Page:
The ideal case scenario is that the developer has made an amazing application and made no mistakes. Regardless, the goal of testing is not only to find errors but to understand the quality of your application. The right kind of questions for this would be, does the app work? How much is the time complexity?
Finding bugs is the most important benefit of using an integration. Apart from this it also ensures a stable codebase which for most developers is more of a hassle setting up an Xcode server and to run all the requirements on a server. To simplify this process, a number of alternatives are available like Travis-CI. solution that takes away the hassle of setting up a server.
The only prerequisite for this is an Xcode project hosted on Github.
We at CopperMobile set up Xcode projects with travis-CI for automated builds which are further automatically distributed using HockeyApp. Travis-CI is automatically set up using your GitHub account by simply going to the official Travis page, click on sign in with GitHub.
Further, what Travis-CI does is, it will show your latest CI build in the form of a dashboard. For this build, you can either use your private repository like CopperMobile does or use the public repository provided by Travis. We have the option of using either a public or a private repository.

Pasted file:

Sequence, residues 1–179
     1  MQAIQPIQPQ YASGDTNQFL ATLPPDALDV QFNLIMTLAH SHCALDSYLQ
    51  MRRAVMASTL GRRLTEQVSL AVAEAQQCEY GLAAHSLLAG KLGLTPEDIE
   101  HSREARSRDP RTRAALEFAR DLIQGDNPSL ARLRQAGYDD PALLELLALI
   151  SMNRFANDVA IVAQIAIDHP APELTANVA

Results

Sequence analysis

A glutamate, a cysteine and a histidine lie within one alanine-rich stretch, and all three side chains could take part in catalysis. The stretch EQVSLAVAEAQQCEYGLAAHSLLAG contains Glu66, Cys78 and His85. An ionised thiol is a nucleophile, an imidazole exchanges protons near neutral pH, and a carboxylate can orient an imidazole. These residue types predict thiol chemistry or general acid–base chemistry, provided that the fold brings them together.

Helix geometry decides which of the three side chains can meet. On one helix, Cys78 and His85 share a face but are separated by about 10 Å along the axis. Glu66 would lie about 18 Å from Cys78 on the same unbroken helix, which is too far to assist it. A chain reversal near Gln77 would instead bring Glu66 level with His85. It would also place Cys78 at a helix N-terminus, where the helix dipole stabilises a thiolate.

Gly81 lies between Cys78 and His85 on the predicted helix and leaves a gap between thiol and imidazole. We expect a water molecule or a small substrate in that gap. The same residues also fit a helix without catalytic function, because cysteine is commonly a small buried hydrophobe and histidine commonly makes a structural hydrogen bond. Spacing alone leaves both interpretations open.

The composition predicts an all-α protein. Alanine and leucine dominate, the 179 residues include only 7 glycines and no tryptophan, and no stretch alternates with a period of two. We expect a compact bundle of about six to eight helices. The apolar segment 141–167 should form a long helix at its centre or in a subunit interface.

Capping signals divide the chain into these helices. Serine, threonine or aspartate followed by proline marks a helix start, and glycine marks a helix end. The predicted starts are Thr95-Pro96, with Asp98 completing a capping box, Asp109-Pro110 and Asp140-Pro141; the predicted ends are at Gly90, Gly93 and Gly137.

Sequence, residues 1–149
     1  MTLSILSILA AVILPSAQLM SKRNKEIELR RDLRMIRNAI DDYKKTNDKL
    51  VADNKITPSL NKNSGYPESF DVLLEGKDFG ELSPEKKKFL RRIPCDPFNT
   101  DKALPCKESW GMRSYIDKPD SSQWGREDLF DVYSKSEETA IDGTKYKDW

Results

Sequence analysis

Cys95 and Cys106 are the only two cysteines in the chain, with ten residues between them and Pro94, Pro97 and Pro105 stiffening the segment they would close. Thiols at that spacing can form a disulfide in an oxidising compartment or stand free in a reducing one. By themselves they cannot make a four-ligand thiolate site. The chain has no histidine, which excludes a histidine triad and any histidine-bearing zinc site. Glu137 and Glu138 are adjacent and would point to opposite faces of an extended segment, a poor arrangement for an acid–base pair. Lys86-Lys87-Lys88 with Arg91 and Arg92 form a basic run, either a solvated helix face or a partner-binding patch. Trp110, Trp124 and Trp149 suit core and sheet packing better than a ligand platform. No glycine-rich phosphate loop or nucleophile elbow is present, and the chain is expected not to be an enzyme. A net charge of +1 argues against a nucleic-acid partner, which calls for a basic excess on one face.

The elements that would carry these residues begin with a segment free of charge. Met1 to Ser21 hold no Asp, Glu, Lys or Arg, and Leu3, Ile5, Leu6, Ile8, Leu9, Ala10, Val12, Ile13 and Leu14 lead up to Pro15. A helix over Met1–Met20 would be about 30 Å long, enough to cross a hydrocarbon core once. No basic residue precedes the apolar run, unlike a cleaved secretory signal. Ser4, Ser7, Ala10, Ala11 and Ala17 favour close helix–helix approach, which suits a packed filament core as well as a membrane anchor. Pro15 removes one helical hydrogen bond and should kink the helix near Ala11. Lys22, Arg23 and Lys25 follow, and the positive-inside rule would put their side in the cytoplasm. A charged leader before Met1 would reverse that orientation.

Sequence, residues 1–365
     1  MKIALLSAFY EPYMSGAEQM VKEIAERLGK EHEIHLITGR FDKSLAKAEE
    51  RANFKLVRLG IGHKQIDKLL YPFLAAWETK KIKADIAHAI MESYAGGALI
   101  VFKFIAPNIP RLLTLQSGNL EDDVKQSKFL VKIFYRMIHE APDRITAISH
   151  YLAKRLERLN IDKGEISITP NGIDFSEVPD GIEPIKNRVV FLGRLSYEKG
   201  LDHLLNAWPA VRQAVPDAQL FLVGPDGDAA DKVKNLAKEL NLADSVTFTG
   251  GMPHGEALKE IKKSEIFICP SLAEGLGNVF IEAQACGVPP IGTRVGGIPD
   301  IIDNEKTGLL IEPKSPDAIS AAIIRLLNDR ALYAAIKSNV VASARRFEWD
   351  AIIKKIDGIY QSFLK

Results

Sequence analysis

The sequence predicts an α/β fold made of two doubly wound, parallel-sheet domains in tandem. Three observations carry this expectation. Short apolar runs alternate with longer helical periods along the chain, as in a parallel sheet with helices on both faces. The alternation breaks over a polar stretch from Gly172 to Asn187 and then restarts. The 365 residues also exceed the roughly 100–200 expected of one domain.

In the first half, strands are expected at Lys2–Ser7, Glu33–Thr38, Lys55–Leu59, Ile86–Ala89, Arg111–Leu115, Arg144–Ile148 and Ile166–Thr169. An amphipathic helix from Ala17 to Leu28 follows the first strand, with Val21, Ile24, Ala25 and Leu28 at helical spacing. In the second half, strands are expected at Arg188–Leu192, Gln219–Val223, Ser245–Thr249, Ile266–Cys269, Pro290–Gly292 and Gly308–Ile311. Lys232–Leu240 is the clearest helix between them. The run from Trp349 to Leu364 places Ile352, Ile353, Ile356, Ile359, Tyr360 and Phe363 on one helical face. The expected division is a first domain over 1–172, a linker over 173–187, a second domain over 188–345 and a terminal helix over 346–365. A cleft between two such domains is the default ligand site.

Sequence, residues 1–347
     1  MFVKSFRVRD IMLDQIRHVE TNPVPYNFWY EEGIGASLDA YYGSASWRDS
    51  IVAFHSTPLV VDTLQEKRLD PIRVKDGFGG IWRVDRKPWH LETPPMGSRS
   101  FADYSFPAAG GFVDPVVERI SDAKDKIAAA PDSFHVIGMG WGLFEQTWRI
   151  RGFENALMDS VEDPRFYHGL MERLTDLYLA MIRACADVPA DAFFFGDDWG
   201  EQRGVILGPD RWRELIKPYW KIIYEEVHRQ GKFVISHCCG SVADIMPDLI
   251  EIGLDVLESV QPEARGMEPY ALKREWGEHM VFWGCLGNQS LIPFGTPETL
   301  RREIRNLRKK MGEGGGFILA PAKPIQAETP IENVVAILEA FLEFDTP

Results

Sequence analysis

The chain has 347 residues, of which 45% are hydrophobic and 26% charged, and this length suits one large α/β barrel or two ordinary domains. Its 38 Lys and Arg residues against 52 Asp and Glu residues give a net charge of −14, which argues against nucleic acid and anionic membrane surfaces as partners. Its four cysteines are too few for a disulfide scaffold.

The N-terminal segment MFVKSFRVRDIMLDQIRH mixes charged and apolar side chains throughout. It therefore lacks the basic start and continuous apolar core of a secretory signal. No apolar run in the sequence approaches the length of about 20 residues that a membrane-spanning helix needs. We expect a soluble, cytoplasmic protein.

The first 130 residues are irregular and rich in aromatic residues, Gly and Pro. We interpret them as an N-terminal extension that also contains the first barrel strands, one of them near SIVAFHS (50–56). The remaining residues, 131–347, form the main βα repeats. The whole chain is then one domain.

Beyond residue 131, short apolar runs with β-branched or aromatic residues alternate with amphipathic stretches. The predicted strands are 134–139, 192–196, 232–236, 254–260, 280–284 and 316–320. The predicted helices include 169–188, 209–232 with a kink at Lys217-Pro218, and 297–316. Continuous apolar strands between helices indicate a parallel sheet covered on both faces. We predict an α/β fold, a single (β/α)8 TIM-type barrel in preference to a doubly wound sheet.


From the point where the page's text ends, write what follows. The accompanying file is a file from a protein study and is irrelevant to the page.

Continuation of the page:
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Once it has fetched the private repository, we can enable Travis but this might not be such a good idea unless travis knows how to do it. It is better to hold travis when the configuration file is not available, till then you can start by selecting “Build only if .travis.yml is present” in the project settings.
This brings us to a very important step in setting up travis which is adding .travis.yml file which has to be placed in your repository’s root. Note that this is an important and necessary step in using travis.
Once the setup is complete, you can push your changes to the GitHub repo. Travis-CI should start building your project. Travis will confirm whether the build was successful or not. The success of the build implies that the application is opening while it might crash later which is not taken into consideration.
The build will be pushed back to GitHub from where the HockeyApp will pick it up. The question here is how does the HockeyApp work?
The first step is to link the HockeyApp SDK with GitHub. Then the developer or any team member will create a login. Upon login, you will receive a key that has to be added to the application. The key remains the same throughout which has to be added every time you start a new project.
The pull request is merged in the develop branch of GitHub from where the build automatically goes to the HockeyApp so that the testers or clients can download it.
With HockeyApp the process is simpler and a little less time consuming as the app is installed over the air without much struggle. It is installed directly into the device from the download page.
Convenience is the word that defines the use of HockeyApp instead of the original developer to tester the transfer of APK.